23 April 2021
A composer and performer based in Tāmaki Makaurau, Callum Passells has toured with the likes of Aldous Harding and Hans Pucket. For the 2021 Wellington Jazz Festival, he'll be bringing his group LCR (Left/Centre/Right) to the capital to perform a brand-new commissioned work inspired by protest marches.
What can audiences expect from your performance at Wellington Jazz Festival this year?
Expect to see three groups of musicians, arranged on the left, centre and right of the stage. Expect these groups sometimes to play together in beautiful harmony, and sometimes battle with each other and fight for your attention.
Audiences at previous outings with this group have called us 'a sensory overload' and also 'surprisingly easy to follow', so expect both of those things too I guess!
Your new composition was inspired by your experiences marching with the Black Lives Matter movement. What was it about this process that inspired you to create this work?
Playing within a protest situation is a beautiful experience. You are there to bring energy, and often a sense of joy that might seem at odds with the feeling of the crowd. But music is woven into protest in the form of chant and rhythm, and building an ad-hoc supporting texture for the various chants while marching makes for a musical experience that is fulfilling and fascinating.
Hearing a chant, building a groove around it, raising the energy to a peak while another chant emerges in the distance to claim that energy – it's spontaneous, ecstatic music-making, something I felt was missing in my work and my attitude towards composition. I wanted to create a performance inspired by the energy, the sense of purpose, and the sensory experience of marching and protesting. Of course, the reason for the protest weighs heavily on my mind too – as a person engaging in a Black American art form I wanted to create work in solidarity with Black Lives Matter, as well as in support of our own struggle with systemic racism here at home.
How have you found melding protest with music in your composition process?
From a 'nuts and bolts' perspective, the things I wanted to represent from my experiences were to do with the way we improvise and hear music while moving. For example, the distance between a group of musicians as they stretch back over a city block creates an incredible phasing effect – each person hears themselves as the centre of the group, yet sometimes the groove will arrive half a second late from the drummer on the other side of the crowd.
This constantly fluctuating sound is hypnotic to me, and I've spent a lot of time translating that into a performance that works in a room. Luckily, my band LCR lends itself to this sound. We are able to sound loose and decentralised, then snap back into lockstep with ease. I love the people in this group and trust them to bring the joy and energy that a piece like this needs – it's my responsibility to give them the tools to make it happen. I am working on it!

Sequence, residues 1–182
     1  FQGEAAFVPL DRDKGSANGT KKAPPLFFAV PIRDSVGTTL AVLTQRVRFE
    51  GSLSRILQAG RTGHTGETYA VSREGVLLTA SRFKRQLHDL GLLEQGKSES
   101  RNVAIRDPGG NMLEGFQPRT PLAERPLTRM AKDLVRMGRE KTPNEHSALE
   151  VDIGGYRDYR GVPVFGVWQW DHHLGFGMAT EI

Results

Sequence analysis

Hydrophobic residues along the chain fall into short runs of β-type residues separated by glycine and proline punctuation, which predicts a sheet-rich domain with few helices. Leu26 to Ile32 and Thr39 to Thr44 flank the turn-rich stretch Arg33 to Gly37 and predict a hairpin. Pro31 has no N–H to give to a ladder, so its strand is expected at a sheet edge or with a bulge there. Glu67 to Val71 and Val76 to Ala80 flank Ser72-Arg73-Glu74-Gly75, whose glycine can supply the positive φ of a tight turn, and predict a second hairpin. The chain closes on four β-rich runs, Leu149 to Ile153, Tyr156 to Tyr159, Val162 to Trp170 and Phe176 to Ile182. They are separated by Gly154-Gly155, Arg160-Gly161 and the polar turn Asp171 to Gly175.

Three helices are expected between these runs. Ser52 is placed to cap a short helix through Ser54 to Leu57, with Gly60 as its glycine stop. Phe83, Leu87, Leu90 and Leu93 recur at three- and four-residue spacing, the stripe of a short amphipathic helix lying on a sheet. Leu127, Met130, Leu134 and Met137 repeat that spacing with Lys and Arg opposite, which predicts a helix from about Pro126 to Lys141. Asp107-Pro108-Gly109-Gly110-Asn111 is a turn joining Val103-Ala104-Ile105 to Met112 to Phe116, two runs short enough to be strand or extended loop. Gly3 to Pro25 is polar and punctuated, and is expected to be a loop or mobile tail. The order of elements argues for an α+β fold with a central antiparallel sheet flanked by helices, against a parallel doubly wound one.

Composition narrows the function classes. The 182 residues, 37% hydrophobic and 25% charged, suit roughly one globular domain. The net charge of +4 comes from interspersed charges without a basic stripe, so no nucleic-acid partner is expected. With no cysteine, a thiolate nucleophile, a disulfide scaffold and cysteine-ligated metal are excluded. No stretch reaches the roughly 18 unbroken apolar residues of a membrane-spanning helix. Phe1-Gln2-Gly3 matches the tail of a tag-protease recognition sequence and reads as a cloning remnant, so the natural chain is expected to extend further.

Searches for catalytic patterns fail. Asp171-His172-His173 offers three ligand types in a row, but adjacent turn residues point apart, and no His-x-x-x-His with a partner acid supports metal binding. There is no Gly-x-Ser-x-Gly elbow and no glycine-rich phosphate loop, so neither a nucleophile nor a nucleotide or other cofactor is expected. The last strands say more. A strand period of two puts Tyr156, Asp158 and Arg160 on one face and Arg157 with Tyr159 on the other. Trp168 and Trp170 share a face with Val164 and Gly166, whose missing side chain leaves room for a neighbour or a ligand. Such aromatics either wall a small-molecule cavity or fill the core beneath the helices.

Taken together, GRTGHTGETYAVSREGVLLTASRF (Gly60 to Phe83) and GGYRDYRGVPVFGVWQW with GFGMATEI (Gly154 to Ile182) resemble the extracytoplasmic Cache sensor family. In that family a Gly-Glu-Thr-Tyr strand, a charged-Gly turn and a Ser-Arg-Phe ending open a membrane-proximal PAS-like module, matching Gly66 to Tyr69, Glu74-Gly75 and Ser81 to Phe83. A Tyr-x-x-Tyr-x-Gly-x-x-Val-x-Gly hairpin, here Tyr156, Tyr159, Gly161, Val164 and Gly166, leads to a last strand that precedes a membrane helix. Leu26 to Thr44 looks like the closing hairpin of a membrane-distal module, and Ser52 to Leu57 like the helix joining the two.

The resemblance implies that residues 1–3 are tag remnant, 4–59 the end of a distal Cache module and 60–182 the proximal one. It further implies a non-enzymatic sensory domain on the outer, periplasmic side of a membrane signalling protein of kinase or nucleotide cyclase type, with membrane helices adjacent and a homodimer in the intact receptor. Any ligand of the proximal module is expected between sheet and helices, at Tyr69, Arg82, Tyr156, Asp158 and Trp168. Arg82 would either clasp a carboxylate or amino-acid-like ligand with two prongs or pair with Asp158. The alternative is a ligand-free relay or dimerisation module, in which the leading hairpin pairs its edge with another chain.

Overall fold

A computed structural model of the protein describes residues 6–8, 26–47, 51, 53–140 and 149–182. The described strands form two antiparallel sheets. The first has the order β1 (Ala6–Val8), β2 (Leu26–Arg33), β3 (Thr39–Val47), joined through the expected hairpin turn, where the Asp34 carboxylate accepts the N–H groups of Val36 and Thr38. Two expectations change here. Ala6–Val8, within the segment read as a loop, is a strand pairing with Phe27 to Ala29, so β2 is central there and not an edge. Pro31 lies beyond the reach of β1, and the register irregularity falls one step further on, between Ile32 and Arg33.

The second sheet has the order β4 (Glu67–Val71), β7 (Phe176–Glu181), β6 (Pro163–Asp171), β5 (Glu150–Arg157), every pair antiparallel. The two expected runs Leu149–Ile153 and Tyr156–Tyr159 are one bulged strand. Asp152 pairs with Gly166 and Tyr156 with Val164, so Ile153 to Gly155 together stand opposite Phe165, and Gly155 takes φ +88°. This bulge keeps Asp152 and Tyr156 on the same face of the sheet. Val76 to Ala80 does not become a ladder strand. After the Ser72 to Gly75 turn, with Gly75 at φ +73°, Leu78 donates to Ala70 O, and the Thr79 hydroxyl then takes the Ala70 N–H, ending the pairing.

You play across multiple genres – what do you love most about jazz?
I love jazz in part because it's a minefield. Its philosophy emphasises freedom but its process involves unspoken rules, social cues, and technical challenges. Great jazz is created through negotiating these two opposing forces – sometimes deftly, sometimes with wild audacity. Improvising in this idiom is the closest I get to the feeling of real risk and vulnerability onstage, and the feeling when I (occasionally) get the balance right is unlike any other.
You’ve toured internationally with Aldous Harding and Hans Pucket. Is there a difference performing overseas versus at home?
I think performing is about establishing trust with an audience. With Aldous, the audience usually arrives expecting an enigmatic stage presence, and are ready to be challenged – the trust has been built to some degree already. Touring with Hans Pucket, we were a completely unknown opening act on the other side of the world, and our attitude was 'we have one set to win this room over, to get these people on our side.'
I have taken the latter approach more to audiences here in Aotearoa, especially with this music; jazz is a big tent, and even an audience familiar with the genre can sometimes feel alienated by a navel-gazing performance. Improvised music can sometimes be difficult, but people across the world are generally open to it if they are invited into the space. I hope my music is more inviting than alienating.
What have you listened to recently that has had a big impact on you and why?
A couple of years ago Kit Downes released a solo record called Obsidian on ECM. It's a collection of pieces written for various church organs around the UK, taking advantage of the idiosyncrasies of these huge and very old instruments. It's often gorgeous, and reminds me of the value of writing music that celebrates the unique sounds of the individuals performing.